Earlier this week, in the final lecture of this season’s Jewish History series at my synagogue in Beverly Hills, I recalled the life of Rabbi Avraham Yitzchak Hacohen Kook (1865-1935), known to most people simply as “Rav Kook”, undoubtedly one of the most remarkable rabbinic leaders of the past two centuries.
A visionary with the disposition of a saint, Rav Kook developed a unique religious foundation for the emerging reality of a Jewish sovereign state in the Land of Israel, and although he died in 1935, 13 years before the establishment of Israel, his far-reaching theological concepts continue to inspire new generations, helping them appreciate Zionism and the miracle of Israel, which he firmly identified as the launchpad for Messianic redemption.
Rav Kook is best remembered for establishing a Chief Rabbinate for Eretz Yisrael in 1921, and for his highly original works, particularly “Orot”, published in 1920, amidst furious opposition from the more conservative elements of the orthodox community.
Less well known is his attempt to create an umbrella organization for Torah-observant Jewry incorporating both pro- and anti-Zionist factions, to operate in parallel with the secular-Jewish controlled Zionist movement, as a vehicle to promote the religious significance of Jewish hegemony in the Promised Land.
The organization, called Degel Yerushalayim, was launched in 1918, but never really got off the ground. Rav Kook dispatched his son, R. Tzvi Yehuda Kook, to visit Jewish leaders across Europe to galvanize their support, but the reaction was lackluster, exposing the sedentary nature of traditional Jewish leadership, who feared the outcome for Jewish life of any major shift in focus, and were united in their unwillingness to embrace a proactive redemption narrative.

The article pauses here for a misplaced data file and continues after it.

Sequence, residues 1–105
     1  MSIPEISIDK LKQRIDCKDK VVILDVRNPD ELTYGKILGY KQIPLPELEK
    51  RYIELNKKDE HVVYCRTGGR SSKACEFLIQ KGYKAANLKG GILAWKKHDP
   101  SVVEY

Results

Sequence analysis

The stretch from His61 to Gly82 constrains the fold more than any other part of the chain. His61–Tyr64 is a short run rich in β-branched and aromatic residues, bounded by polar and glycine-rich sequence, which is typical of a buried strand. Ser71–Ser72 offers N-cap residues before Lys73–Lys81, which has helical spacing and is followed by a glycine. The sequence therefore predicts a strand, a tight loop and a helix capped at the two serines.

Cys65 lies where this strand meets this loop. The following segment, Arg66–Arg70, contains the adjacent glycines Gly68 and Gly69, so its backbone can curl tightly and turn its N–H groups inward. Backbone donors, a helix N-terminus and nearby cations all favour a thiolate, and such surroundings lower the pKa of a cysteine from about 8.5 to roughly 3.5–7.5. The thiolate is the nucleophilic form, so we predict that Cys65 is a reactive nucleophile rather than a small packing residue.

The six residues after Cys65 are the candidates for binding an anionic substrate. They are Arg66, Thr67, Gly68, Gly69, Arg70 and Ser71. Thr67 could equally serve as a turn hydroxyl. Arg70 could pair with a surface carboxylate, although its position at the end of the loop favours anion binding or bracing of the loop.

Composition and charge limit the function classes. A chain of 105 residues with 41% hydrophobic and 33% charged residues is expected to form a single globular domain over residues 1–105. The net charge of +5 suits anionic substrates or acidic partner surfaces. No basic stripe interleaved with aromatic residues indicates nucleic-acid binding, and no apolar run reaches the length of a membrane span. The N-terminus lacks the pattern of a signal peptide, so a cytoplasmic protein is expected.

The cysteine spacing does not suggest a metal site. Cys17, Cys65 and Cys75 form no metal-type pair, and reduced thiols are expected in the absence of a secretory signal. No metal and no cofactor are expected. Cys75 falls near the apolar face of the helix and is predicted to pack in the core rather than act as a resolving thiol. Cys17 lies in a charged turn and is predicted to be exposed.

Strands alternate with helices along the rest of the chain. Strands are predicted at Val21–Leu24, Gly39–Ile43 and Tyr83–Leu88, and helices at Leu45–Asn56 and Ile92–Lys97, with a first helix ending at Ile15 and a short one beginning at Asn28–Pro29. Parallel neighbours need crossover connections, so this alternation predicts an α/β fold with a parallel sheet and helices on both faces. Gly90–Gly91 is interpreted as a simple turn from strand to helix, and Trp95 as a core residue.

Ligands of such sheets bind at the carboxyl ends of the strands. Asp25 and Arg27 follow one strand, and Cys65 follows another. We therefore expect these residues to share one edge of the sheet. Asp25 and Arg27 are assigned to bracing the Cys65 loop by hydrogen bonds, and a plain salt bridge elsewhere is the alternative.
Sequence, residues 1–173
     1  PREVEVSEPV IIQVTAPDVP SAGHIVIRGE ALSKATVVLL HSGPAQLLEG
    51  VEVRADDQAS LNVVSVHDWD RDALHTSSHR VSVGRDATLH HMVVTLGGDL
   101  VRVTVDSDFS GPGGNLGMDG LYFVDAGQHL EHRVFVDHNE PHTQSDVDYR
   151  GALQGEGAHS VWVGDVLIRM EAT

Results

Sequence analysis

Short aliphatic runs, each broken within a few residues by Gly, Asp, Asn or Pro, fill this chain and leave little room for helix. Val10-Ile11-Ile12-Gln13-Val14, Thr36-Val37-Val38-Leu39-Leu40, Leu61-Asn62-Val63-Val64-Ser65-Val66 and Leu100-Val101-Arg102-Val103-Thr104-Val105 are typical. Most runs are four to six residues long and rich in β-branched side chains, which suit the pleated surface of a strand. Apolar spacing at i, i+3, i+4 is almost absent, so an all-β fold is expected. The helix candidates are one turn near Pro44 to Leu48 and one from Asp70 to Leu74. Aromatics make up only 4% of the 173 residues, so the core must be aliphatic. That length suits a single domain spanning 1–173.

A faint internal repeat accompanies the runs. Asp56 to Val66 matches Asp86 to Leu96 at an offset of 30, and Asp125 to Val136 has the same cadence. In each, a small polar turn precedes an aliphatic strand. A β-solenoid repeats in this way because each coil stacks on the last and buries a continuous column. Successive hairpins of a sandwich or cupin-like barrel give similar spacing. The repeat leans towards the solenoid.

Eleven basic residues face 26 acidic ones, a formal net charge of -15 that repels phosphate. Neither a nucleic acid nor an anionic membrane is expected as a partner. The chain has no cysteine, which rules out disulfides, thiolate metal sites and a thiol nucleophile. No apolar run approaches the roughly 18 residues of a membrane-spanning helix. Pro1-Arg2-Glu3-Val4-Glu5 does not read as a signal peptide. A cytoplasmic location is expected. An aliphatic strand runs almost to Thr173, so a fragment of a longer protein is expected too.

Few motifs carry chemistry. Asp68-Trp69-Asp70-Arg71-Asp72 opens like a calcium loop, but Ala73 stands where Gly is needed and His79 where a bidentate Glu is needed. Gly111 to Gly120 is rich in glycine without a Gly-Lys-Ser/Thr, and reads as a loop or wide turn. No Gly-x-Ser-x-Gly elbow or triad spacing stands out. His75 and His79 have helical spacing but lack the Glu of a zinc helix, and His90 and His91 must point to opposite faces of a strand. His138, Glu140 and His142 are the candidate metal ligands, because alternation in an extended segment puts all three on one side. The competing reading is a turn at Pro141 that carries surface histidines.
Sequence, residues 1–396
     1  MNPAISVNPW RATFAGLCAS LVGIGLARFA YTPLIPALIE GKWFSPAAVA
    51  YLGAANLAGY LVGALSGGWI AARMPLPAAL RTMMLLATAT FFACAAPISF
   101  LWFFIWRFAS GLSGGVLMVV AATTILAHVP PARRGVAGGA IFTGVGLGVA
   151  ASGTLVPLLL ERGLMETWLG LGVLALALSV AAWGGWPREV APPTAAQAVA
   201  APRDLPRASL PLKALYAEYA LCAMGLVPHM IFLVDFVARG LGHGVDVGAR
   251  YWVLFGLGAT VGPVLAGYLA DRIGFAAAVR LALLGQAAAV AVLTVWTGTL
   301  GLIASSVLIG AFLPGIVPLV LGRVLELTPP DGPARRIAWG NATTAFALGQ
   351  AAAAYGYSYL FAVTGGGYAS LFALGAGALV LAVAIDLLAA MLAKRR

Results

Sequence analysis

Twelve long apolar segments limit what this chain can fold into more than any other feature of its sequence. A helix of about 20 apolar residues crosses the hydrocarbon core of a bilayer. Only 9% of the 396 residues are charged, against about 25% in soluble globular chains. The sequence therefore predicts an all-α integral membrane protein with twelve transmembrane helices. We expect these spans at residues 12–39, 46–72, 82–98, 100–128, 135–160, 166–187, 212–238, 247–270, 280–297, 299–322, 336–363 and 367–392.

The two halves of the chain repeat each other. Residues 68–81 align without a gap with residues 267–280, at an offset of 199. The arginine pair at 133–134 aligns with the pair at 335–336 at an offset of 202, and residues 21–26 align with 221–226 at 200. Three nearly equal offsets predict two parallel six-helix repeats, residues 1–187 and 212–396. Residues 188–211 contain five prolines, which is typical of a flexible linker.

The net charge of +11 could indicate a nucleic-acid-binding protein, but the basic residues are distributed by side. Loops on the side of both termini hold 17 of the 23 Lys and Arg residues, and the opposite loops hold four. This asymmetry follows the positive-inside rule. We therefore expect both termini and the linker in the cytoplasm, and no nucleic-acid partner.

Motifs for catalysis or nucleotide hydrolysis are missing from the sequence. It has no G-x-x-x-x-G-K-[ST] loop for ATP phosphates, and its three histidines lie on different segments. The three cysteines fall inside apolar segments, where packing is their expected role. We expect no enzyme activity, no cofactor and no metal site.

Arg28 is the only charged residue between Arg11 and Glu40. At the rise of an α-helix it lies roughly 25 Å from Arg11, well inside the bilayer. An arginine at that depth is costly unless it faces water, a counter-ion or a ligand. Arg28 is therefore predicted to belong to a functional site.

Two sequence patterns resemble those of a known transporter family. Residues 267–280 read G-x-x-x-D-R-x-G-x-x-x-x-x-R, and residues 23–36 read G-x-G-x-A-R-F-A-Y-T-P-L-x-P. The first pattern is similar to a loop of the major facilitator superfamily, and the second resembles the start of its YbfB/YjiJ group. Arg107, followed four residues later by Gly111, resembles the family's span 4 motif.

In his excellent article on Degel Yerushalayim, Yosef Avnery describes Rav Kook’s attempts to reassure the Zionist leadership – including the religious Zionist movement Mizrachi – that he was not trying to undermine their political efforts, by telling them he was merely going to augment their efforts by giving political Zionism a religious parallel.
Nevertheless, says Avnery, it was clear that “the very establishment of Degel Yerushalayim signified disappointment, if not despair, at the Zionist movement ever serving as the instrument through which the traditional national vision would be implemented.”
Sadly, Degel Yerushalayim found itself caught between Mizrachi Zionists who were unwilling to risk losing their influence, limited though it was, within the mainstream Zionist movement; and the conservative rabbinic establishment, who saw any innovation as risky, and who were particularly concerned that involvement with this new idea might unintentionally lead people to believe that they supported Zionism.
The organization had isolated chapters in various cities, and sputtered along for a few years before disappearing without trace. But looking back with the benefit of hindsight, we can see how prophetic the concept was. Once the political goals of Zionism were achieved, only religious commitment, powered by deep faith in the role a Jewish state plays in our historical aspirations as a people, would keep the passion burning.